Irrigation of wheat after rice should be scheduled to maximise use of stored soil water and winter rain while maintaining yield. Prihar et al. (1974, 1976, 1978a) established guidelines for irrigation scheduling for wheat on the coarse textured soils of northwest India. This work was done in soils without a restricting layer, commonly with maize as the previous crop, rather than the RW situation where there is often a dense layer at about 20 cm (Aggarwal et al. 1985; Kukal and Aggarwal 2003). Prihar et al. (1978b) concluded that wheat should be irrigated at around 60 and 70% depletion of plant available soil water storage to avoid yield loss, with the lower value for the lighter soil, compared with a deficit of 50% determined by Singh and Malik (1983) on a sandy loam in Haryana. The recommended practice involves one irrigation prior to soil preparation, an irrigation (~70 mm) at the crown (nodal) root initiation stage, 3-4 weeks after sowing, then a 70 mm irrigation whenever cumulative pan evaporation minus rain reaches 93 mm (an “IW/Pan” ratio of 0.75), with the last irrigation no later than mid-March for crops “sown on time”. This method saved up to 160 mm of irrigation water compared with applying 70 mm at each of 5 key stages. However, translating this into practice for a farmer with no knowledge of pan evaporation is difficult, and published guidelines for farmers are based on prescribed intervals between irrigations according to sowing date, with some adjustments for light and heavy soils but no adjustments for seasonal weather conditions (PAU 2002). Narang and Gulati (1995) suggested that there was scope to reduce wheat irrigations further by publicising data from evaporation and rainfall and training farmers to keep their own evaporation-rain budgets. In the rice-based region of Australia daily potential evaporation for the last 7 days is publicised each night on regional television and in local newspapers. It can also be acquired by phone or from the internet. A simple wheat irrigation scheduling software package SIRAGCROP was developed in the 1980s and used by a few farmers (Stapper et al. 1988). There have been no further developments in irrigation scheduling software for wheat in rice-based systems since then, although there is some farmer interest.

Irrigation method

Pressurised irrigation systems (sprinkler, surface and subsurface drip) have the potential to increase irrigation water use efficiency by providing water to match crop requirements, reducing runoff and deep drainage losses, and generally keeping the soil drier reducing soil evaporation and increasing the capacity to capture rainfall (Camp 1998). There are few reports of the evaluation of these technologies in RW systems. In Australia sprinkler irrigation of rice to replace evaporative loss reduced irrigation water use by 30-70% (Humphreys et al. 1989), however, even at frequencies of up to 3 times per week, yield declines of 35-70% occurred (Muirhead et al. 1989). Irrigation water use was reduced by about 200 mm in rice with subsurface drip commencing two weeks prior to panicle initiation compared with conventional flooded rice culture; however, yields with drip also decreased and there was no increase in irrigation water productivity (Beecher et al. 2004). Little is known about how to manage potentially more efficient but highly expensive irrigation systems to achieve high yields and save water for RW systems. Such systems are only likely to be economic with diversification into higher value crops, which becomes more feasible with the introduction of raised beds.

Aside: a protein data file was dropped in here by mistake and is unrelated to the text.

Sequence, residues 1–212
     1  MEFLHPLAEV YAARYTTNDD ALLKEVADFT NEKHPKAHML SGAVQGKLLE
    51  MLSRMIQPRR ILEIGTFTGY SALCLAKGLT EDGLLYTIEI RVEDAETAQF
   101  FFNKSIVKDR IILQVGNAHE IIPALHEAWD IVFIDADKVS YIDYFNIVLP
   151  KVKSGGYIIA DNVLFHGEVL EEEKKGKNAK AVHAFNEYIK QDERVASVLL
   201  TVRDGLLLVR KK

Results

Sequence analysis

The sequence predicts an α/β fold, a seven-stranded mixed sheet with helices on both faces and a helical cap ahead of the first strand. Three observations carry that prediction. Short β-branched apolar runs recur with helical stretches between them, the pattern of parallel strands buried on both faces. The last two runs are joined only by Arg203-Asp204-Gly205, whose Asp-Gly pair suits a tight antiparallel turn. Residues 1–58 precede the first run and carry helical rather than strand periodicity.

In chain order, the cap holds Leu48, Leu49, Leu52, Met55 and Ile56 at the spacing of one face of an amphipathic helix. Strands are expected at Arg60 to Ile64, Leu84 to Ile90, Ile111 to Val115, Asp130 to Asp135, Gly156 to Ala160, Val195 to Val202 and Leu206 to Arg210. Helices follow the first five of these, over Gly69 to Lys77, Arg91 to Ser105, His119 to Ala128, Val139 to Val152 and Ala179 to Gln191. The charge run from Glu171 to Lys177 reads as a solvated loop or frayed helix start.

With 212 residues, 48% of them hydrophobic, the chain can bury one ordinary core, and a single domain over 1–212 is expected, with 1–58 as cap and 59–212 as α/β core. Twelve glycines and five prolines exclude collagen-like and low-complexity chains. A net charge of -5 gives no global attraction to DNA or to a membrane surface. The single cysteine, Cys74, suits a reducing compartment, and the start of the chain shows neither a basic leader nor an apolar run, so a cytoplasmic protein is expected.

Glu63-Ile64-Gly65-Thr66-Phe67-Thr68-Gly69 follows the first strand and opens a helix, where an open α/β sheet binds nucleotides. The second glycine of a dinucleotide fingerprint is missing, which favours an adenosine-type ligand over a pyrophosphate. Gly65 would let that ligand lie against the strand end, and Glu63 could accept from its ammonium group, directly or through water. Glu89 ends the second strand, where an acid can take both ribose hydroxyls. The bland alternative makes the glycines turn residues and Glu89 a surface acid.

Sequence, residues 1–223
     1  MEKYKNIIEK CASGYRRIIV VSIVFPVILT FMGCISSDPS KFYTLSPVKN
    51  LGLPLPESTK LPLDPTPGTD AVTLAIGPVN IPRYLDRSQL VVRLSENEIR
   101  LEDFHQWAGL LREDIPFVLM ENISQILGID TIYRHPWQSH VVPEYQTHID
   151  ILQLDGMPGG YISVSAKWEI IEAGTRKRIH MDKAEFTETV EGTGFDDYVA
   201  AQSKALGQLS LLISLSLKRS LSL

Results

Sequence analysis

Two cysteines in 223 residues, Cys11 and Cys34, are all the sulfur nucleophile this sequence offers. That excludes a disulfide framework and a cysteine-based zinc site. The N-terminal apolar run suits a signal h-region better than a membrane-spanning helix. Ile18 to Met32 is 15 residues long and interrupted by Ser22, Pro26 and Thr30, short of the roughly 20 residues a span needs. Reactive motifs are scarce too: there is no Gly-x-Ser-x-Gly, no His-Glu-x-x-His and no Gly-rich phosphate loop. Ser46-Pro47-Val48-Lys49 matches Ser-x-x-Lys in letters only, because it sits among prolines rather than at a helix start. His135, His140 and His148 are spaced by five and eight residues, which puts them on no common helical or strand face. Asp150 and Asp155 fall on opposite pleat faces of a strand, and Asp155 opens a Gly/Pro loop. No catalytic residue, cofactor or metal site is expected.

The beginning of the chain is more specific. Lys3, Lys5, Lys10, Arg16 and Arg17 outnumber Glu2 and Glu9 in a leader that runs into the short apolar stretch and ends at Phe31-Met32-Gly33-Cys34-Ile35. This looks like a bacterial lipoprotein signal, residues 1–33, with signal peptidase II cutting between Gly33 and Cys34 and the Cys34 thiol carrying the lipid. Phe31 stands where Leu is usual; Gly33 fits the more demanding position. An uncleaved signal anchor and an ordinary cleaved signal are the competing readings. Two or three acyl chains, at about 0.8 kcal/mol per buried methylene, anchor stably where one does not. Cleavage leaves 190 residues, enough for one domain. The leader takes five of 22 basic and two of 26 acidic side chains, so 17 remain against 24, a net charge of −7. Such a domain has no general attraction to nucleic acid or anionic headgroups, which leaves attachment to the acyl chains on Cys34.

Raised beds

The use of raised beds for the production of irrigated non-rice crops was pioneered in the heavy clay soils of the rice growing region in Australia in the late 1970s (Maynard 1991), and for irrigated wheat in the RW areas of the IGP during the 1990s, inspired by the success of beds for wheat-maize systems in Mexico (Meisner et al. 1992; Sayre and Hobbs 2004). Potential agronomic advantages of beds include improved soil structure due to reduced compaction through controlled trafficking, and reduced waterlogging and timelier machinery operations due to better surface drainage. In the IGP beds also create the opportunity for mechanical weed control and improved fertiliser placement. In RW systems in Asia and Australia permanent beds also provide the opportunity for diversification to waterlogging sensitive crops not suited to conventional flat layouts, and the ability to respond rapidly to market opportunities. While the potential benefits of beds for wheat production in the IGP have been known for some time (Dhillon et al. 2000), evaluation of beds for rice and permanent beds in RW systems commenced more recently (Connor et al. 2002).